LG 42inch Smart TV
I am no superman but moving it around is not difficult as TV’s are so much lighter than early LCD unit used to be. As always I start with the dimensions. The screen is 95x56x2cm, it can of course –using a kit- be attached to a wall. However a stand is provided and this is a maximum of 52x25cm and it raises the TV by 7cm.
While this is not the first TV I have reviewed that is ‘Smart’ it is that I could watch via Wi-Fi for prolonged periods without noticing any difference from a standard TV broadcast and while my connection is not really fast it is fine for this purpose. These days as most will know BBC have given up one of their two ‘Red Button’ channels and while the other is still working often they seem to put items on it rather than the live feeds. These feeds now come from the website and while you can watch them on a PC the arm chair is more comfortable.
This unit comes with two remote controls. The first with fifty buttons and the second for those occasions when you need to highlight or move to a specific part of the screen this is called a ‘Magic’ remote and it has nineteen buttons, however if you think of it more as a mouse you understand its purpose rather quicker than a remote.
I have been lucky enough to have this unit for more than the normal couple of weeks and to get into all the facilities it is needed. It is a rather nice TV with good sound, however the top level may be a little low for some conditions and very vibrant picture quality to suit almost all conditions. Most now can be used to display images from external media both moving and still and this can do so even without the network.
There are two books with it, a 48 page Owners Manual that sadly does little more than detail assembly, describe the remote controls and explain the possible frequencies. In some ways the six page Quick Setup Guide is more helpful but this concentrates on setting up DLNA, Wireless and Wired connections with good illustrations.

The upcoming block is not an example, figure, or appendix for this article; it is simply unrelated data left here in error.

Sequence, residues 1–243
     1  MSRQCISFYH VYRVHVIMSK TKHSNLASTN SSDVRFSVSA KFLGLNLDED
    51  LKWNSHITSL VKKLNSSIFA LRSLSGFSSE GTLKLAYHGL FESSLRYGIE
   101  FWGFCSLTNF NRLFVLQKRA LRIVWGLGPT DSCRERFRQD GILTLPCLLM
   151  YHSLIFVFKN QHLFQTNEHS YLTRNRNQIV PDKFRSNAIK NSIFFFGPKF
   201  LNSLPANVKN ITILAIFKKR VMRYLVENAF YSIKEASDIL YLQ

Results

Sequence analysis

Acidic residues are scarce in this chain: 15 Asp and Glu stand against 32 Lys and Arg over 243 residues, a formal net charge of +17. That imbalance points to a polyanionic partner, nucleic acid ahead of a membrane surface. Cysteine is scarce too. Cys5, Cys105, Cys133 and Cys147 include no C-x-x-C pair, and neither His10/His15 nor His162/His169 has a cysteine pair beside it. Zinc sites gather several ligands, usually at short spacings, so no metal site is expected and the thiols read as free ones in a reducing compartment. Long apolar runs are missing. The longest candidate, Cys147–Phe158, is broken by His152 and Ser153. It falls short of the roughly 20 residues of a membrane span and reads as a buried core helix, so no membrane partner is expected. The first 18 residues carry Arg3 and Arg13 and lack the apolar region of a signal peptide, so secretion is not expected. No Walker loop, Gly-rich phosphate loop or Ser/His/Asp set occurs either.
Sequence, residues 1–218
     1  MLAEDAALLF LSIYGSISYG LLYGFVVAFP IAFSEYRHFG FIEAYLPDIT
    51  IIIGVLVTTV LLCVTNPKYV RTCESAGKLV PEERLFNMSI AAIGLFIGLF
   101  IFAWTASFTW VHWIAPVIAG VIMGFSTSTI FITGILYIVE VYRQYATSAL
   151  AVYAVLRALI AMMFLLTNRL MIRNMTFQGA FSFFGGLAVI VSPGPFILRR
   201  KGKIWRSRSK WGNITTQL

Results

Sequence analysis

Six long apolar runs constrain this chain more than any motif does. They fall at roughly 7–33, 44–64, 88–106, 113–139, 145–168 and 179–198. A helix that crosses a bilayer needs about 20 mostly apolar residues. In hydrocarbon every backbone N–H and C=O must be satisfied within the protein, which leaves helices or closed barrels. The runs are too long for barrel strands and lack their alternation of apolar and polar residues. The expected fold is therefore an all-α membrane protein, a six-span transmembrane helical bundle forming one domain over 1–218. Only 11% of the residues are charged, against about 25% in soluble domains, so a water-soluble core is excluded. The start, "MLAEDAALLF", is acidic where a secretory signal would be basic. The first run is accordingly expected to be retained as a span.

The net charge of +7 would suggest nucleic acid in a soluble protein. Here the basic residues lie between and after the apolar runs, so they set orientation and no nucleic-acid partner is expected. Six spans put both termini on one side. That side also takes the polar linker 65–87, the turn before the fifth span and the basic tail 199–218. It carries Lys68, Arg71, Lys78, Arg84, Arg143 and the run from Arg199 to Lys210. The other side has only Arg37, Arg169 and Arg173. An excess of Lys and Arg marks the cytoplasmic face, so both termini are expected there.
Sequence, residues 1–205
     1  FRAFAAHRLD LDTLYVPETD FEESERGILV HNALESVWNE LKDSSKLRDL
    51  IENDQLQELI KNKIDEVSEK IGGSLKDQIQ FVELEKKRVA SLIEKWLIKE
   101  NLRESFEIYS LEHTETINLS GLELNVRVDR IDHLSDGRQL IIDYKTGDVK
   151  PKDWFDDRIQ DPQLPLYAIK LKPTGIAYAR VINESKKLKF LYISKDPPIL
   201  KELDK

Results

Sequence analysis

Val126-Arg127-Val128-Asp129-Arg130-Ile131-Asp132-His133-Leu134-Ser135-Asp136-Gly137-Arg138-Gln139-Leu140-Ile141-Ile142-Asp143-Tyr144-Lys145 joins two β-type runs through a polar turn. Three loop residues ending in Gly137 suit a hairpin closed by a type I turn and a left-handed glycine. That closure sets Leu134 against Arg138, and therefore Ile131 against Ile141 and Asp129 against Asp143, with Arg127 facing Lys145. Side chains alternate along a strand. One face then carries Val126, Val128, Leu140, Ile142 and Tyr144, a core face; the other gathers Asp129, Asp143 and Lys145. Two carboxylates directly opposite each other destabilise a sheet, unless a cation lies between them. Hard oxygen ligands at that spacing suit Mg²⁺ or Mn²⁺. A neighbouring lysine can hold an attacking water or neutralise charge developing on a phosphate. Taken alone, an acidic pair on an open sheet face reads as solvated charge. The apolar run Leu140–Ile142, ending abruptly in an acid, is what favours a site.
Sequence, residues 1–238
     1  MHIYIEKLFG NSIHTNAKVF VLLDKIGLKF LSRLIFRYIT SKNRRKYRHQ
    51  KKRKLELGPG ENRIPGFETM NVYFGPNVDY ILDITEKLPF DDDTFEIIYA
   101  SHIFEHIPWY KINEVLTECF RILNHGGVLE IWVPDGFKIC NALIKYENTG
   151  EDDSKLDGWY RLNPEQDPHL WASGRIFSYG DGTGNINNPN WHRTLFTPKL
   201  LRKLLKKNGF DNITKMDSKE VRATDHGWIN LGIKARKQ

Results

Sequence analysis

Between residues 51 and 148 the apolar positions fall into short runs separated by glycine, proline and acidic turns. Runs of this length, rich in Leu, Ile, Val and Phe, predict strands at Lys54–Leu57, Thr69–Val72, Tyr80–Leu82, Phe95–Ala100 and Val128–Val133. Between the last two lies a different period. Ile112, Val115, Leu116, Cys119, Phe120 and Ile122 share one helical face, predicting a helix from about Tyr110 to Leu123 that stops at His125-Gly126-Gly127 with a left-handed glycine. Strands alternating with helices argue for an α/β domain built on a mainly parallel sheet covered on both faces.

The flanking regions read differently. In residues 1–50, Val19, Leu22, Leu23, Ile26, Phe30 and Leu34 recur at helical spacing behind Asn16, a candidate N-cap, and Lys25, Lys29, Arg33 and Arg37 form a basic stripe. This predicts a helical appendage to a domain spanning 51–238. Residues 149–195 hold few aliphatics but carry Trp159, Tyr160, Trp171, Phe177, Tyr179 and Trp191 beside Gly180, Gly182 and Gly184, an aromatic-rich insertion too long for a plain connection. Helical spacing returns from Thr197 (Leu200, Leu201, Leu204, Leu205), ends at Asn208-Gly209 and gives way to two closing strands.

Once connected there is as much help as you need from the various screens in the ‘Smart’ part of the TV itself.
The rear connections are all on the left side in an ‘L’ shape with the exception of the hard wired mains lead that is just left of centre. On the down stroke three USB sockets split by a PCMCIA card slot then four HDMI slots. The rest of the controls run along the base of the ‘L’ shape. Ethernet, RGB, AV, Aerial and Digital. All the connections are clearly marked on the TV but given that most will be trying to connect from the front a page in one of the manuals showing the layout would be helpful if only to show the direction of connections.
So apart from this being a rather good Freeview + HD TV it is also a unit that connects to the outside world and all the modern apps. You can of course use it for basic web searching and extra apps provided by LG.
This unit also has 3D and in fact four pairs of glasses are supplied with the unit so it can be watched. This 42inch unit was a test for my lounge and trying to see how up to four people could watch at once it is possible. The one point I am not entirely convinced about is 3D itself and the few broadcasts currently done by the BBC. However watch one natural history program like the recent ‘Africa’ series and you will be convinced about both HD and this TV.
I liked the TV, enjoyed the ability to watch things from the web full screen as if they were standard TV broadcasts. It matters not if you use Ethernet or Wireless both work very well, the amount of USB and HDMI should be enough for anyone without having to swap cables about. 3D could be down to me as I have seen lots of demos by various companies and I am not convinced.
Doing my searches found the LG LM660 at £718 with free delivery.
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